She looked at me in surprise. Cautiously, she ventured with another thought. “I hate myself so much, and I want to die,” she said, and I said nothing.

“I wish I had never been born,” she said.

More silence.

She continued through her tortured feelings. I listened, and hated what I heard, but I knew that at this moment she was safe. We weren’t actually there on the bridge railing. We were at home, together, and there was no way she could act upon her pain. These were just words.

Read it all (used in the morning sermon by yours truly).

Posted in Anthropology, Ethics / Moral Theology, Health & Medicine, Marriage & Family, Mental Illness, Pastoral Theology, Psychology, Suicide

(Aleteia) David Mills–Social media: The fellowship of hating for fun

They may be good people, but they speak like jerks, at cookouts or on Twitter and Facebook. I can, as I’ve written before, look back at my past writing and find articles in which I said something almost as stupid and cruel as “addicts deserve to die.” I put it more indirectly and kindly, because I know how things sound, but the sweeping unkindness has been the same.

I also know the feeling when a dull conversation takes flight because you and the other guy settle on a shared enemy to put down. Years ago, when I was an…[Episcopal Church] activist, an elderly minister noted at the beginning of a board meeting how excited everyone got when they went from “How was your flight?” to the latest liberal outrage. He had done this himself and it bothered him now, and he wanted us to stop it. I felt ashamed, as he clearly felt ashamed, but I took years to really see what he meant.

All our saintliness must feel tempted to this Two Minutes Hate, at least when we’re with others. The answer is party to set a guard upon our mouths and a watch over the door of our lips, as the psalmist says (141:3). Or rather to ask God to do this for us, as the psalmist did, because in almost nothing is our fallenness made so clear as in our speech.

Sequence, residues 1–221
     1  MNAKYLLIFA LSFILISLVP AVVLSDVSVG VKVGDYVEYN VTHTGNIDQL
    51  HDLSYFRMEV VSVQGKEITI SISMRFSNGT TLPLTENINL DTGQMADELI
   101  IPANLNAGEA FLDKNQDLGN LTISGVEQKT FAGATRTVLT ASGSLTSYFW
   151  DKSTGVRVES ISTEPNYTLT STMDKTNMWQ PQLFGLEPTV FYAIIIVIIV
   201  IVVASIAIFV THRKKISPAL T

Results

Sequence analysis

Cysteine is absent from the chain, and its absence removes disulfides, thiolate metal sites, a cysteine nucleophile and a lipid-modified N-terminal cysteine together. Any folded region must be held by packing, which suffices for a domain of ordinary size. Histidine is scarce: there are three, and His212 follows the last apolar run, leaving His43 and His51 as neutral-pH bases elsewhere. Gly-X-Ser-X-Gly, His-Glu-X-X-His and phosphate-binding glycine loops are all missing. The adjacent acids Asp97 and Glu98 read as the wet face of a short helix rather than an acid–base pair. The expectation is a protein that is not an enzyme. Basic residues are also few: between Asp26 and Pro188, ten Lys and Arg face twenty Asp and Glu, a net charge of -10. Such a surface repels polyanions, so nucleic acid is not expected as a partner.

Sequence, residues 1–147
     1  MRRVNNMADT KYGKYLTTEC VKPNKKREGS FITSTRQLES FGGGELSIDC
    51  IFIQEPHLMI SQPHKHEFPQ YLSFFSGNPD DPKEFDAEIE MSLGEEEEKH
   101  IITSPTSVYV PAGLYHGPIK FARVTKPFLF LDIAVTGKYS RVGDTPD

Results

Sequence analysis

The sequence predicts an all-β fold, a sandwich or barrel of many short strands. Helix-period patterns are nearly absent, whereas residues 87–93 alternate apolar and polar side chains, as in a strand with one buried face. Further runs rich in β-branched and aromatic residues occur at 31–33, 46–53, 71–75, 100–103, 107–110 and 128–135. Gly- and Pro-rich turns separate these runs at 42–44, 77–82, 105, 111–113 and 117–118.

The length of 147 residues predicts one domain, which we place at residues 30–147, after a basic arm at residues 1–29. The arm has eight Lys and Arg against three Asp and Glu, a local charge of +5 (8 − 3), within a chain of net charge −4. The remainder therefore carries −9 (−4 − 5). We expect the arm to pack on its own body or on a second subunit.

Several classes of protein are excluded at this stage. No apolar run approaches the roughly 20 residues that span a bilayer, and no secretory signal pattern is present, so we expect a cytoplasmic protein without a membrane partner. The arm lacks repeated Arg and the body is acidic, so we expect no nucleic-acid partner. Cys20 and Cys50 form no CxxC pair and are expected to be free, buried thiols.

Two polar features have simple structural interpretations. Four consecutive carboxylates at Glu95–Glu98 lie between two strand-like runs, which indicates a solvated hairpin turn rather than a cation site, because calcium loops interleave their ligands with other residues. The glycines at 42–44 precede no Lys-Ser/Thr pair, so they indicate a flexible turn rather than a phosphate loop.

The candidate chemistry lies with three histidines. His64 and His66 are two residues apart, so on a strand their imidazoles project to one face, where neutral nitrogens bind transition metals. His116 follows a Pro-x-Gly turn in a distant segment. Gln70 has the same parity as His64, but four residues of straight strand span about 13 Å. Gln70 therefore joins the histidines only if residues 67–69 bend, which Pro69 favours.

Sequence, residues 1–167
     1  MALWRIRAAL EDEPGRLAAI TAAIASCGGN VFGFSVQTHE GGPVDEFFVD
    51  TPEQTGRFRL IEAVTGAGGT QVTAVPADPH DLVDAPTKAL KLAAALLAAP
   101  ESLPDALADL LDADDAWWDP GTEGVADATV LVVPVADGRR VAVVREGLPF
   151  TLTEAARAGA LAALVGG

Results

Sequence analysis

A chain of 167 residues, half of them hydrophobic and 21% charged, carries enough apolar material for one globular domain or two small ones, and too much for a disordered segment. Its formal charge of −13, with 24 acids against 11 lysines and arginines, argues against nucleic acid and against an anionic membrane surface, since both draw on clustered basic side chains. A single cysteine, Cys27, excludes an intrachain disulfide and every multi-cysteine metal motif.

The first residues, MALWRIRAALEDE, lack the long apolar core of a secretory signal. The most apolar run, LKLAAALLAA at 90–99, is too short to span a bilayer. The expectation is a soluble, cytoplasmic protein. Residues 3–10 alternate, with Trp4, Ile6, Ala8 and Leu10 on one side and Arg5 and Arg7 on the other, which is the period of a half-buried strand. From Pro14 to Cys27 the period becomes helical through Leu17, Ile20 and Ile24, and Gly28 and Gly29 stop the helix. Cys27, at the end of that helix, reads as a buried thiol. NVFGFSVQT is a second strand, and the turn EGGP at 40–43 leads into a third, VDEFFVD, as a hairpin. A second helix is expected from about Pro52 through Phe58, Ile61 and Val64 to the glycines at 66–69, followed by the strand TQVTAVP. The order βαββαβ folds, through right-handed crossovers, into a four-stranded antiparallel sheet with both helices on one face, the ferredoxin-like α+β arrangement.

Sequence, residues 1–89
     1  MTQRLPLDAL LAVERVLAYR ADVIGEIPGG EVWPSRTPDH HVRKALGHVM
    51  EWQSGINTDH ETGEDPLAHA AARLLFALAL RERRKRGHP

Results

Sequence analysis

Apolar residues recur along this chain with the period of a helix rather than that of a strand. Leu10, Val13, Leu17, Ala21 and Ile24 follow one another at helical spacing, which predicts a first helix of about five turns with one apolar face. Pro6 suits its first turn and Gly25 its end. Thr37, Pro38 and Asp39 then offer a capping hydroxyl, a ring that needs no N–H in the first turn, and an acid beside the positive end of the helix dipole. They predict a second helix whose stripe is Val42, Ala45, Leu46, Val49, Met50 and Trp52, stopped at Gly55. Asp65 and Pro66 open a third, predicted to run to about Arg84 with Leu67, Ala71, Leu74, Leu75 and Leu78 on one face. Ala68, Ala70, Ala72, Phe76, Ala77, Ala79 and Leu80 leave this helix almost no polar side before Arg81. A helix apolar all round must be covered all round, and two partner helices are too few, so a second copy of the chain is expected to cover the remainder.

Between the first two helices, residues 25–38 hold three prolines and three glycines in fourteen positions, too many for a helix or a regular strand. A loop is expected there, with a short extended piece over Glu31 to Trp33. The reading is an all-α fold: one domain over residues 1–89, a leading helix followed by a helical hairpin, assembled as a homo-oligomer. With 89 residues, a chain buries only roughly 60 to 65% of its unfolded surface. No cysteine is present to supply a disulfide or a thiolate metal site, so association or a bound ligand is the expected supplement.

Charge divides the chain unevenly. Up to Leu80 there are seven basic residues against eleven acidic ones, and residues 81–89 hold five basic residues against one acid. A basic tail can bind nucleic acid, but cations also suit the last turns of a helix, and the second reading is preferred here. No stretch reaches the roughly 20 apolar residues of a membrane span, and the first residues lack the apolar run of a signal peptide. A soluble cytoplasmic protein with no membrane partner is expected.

Read it all.

Posted in --Social Networking, Anthropology, Ethics / Moral Theology, Psychology

(Time) Jade Weber–I Have an Open Marriage and My Relationship Is Better Than Ever

Before I met Nicholas, I’d been in several monogamous relationships but had never been able to remain faithful in any of them. With him, it was easy—not just because I was so sexually attracted to him, but because I loved him so much. Now and then, we’d have the typical “oh, a threesome would be fun someday” conversation, but we never really dug any deeper.

Everything changed in 2011, when someone in our family experienced a life-threatening accident.That kind of changed our perspective about life and the need to live every single day to its fullest.

Meanwhile, I’d started craving a little sexual excitement into our lives, and the idea of an open relationship intrigued me. But I had no idea how to even approach the idea with Nicholas, or how it would actually play out in reality. At that time, our social circle didn’t include anyone else who had an open marriage, so I wasn’t sure where to start. That’s when I sought counsel from some friends on the West Coast who were involved in such relationships.

Read it all.

I will take comments on this submitted by email only to KSHarmon[at]mindspring[dot]com.

Posted in Media, Psychology, Sexuality, Women

C of E General Synod backs ban on conversion therapy

Read it all.

Posted in Anthropology, Church of England (CoE), Ethics / Moral Theology, Health & Medicine, Pastoral Theology, Psychology, Sexuality, Theology

(NPR) For Christians In Egypt, Building A New Church Can Set Off Violence

ARRAF: Samuel was 20, and Beshoy was 22. They’re considered martyrs now. That’s because they were among 20 young Egyptian workers beheaded by ISIS in Libya two years ago. To commemorate their deaths, President Abdel-Fattah el-Sissi gave permission for a huge new church on the road to al-Our. Building churches is so controversial here, it took an ISIS attack to get permission to build one.